DOI: 10.1016/j.palaeo.2017.08.006

2018003397 Rickli, Jörg (University of Bristol, School of Earth Sciences, Bristol, United Kingdom); Hindshaw, Ruth S.; Leuthold, Julien; Wadham, Jemma L.; Burton, Kevin W. and Vance, Derek. Impact of glacial activity on the weathering of Hf isotopes; observations from southwest Greenland: Geochimica et Cosmochimica Acta, 215, p. 295-316, illus. incl. 4 tables, geol. sketch map, 94 ref., October 15, 2017. Includes appendices.

Data for the modern oceans and their authigenic precipitates suggest incongruent release of hafnium (Hf) isotopes by chemical weathering of the continents. The fact that weathering during recent glacial periods is associated with more congruent release of Hf isotopes has led to the hypothesis that the incongruency may be controlled by retention of unradiogenic Hf by zircons, and that glacial grinding enhances release of Hf from zircons. Here we study the relationship between glacial weathering processes and Hf isotope compositions released to rivers fed by land-terminating glaciers of the Greenland Ice Sheet, as well as neighbouring non-glacial streams. The weathered source rocks in the studied area mostly consist of gneisses, but also include amphibolites of the same age (1.9 Ga). Hafnium and neodymium isotope compositions in catchment sediments and in the riverine suspended load are consistent with a predominantly gneissic source containing variable trace amounts of zircon and different abundances of hornblende, garnet and titanite. Glacially sourced rivers and non-glacial streams fed by precipitation and lakes show very unradiogenic Nd isotopic compositions, in a narrow range (eNd = -42.8 to -37.9). Hafnium isotopes, on the other hand, are much more radiogenic and variable, with eHf between -18.3 and -0.9 in glacial rivers, and even more radiogenic values of +15.8 to +46.3 in non-glacial streams. Although relatively unradiogenic Hf is released by glacial weathering, glacial rivers actually fall close to the seawater array in Hf-Nd isotope space and are not distinctly unradiogenic. Based on their abundance in rocks and sediments and their isotope compositions, different minerals contribute to the radiogenic Hf in solution with a decreasing relevance from garnet to titanite, hornblende and apatite. Neodymium isotopes preclude a much stronger representation of titanite, hornblende and apatite in solution, such as might result from differences in dissolution rates, than estimated from mineral abundance. The strong contrast in Hf isotope compositions between glacial rivers and non-glacial streams results mostly from different contributions from garnet and zircon, where zircon weathering is more efficient in the subglacial environment. A key difference between glacial and non-glacial waters is the water-rock interaction time. While glacial rivers receive continuous contributions from long residence time waters of distributed subglacial drainage systems, non-glacial streams are characterized by fast superficial drainage above the permafrost horizon. Therefore, the increased congruency in Hf isotope weathering in glacial systems could simply reflect the hydrological conditions at the base of the ice-sheet and glaciers, with zircon weathering contributions increasing with water-rock interaction time.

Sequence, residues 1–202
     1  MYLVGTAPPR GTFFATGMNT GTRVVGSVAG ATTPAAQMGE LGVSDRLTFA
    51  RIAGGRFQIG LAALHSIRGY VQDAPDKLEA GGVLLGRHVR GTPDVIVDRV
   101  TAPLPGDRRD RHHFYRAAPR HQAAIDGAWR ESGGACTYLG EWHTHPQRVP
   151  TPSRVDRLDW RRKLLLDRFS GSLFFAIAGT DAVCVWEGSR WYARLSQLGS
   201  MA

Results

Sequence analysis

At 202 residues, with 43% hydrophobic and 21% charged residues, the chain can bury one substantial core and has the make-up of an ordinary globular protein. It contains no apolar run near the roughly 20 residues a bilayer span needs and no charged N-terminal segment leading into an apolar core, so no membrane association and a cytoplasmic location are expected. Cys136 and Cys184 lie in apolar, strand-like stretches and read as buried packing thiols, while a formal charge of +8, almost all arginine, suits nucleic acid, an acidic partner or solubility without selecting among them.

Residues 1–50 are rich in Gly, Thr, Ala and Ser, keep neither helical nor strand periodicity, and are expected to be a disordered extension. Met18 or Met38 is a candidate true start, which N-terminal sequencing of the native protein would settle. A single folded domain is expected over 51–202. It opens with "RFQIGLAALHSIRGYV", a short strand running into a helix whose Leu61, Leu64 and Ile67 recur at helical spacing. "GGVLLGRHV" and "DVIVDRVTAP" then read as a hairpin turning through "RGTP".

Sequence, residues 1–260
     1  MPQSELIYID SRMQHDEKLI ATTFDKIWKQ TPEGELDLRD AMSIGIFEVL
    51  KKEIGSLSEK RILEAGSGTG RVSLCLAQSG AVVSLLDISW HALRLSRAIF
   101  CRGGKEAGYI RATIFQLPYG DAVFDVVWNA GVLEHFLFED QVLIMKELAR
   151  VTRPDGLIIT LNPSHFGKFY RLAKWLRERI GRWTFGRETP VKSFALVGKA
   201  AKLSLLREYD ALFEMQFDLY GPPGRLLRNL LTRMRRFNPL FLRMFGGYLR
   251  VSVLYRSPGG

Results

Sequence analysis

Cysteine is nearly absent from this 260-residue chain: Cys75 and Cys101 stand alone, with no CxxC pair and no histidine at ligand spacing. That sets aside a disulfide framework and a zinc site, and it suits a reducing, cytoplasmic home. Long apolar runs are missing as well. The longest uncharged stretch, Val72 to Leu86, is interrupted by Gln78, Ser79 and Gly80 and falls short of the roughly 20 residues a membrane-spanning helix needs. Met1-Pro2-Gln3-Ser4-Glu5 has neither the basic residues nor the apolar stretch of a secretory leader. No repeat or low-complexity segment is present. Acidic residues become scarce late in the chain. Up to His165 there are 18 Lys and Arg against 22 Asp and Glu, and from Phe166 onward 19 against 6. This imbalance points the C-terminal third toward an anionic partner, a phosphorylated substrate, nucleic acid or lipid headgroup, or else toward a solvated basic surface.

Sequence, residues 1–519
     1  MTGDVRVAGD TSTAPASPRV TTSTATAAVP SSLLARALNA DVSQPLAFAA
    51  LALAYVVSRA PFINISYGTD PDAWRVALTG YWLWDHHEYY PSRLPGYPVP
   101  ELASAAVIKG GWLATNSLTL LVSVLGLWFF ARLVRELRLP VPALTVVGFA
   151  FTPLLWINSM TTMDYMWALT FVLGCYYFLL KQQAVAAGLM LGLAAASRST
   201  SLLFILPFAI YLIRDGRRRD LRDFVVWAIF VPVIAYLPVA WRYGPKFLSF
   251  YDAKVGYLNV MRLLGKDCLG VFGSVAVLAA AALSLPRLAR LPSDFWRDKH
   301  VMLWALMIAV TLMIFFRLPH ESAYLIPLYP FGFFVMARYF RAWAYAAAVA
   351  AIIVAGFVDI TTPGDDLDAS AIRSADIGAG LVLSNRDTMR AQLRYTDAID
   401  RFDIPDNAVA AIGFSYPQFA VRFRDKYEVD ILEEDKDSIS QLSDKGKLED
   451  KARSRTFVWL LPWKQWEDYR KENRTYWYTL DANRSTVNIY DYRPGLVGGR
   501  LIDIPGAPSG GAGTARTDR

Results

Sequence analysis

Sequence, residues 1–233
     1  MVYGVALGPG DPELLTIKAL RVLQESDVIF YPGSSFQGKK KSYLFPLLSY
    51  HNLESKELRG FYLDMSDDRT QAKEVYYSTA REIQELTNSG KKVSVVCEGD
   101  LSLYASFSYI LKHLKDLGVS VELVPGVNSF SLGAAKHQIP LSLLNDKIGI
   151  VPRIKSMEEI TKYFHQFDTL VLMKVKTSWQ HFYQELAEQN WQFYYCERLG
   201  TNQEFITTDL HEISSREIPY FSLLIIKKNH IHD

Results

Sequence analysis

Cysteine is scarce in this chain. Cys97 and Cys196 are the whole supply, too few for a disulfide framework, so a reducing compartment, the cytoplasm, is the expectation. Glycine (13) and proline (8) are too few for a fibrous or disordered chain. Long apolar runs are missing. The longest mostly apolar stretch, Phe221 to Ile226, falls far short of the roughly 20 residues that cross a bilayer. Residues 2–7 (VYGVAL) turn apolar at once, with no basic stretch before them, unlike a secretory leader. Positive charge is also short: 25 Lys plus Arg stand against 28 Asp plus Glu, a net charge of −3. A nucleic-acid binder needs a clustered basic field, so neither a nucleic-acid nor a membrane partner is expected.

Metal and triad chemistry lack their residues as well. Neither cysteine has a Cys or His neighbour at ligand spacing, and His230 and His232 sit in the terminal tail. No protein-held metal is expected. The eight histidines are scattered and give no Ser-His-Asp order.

DOI: 10.1016/j.gca.2017.08.005

2018004421 Gaglioti, Benjamin V. (Lamont-Doherty Earth Observatory, Palisades, NY); Mann, Daniel H.; Wooller, Matthew J.; Jones, Benjamin M.; Wiles, Gregory C.; Groves, Pamela; Kunz, Michael L.; Baughman, Carson A. and Reanier, Richard E. Younger-Dryas cooling and sea-ice feedbacks were prominent features of the Pleistocene-Holocene transition in Arctic Alaska: Quaternary Science Reviews, 169, p. 330-343, illus. incl. sketch map, 99 ref., August 1, 2017.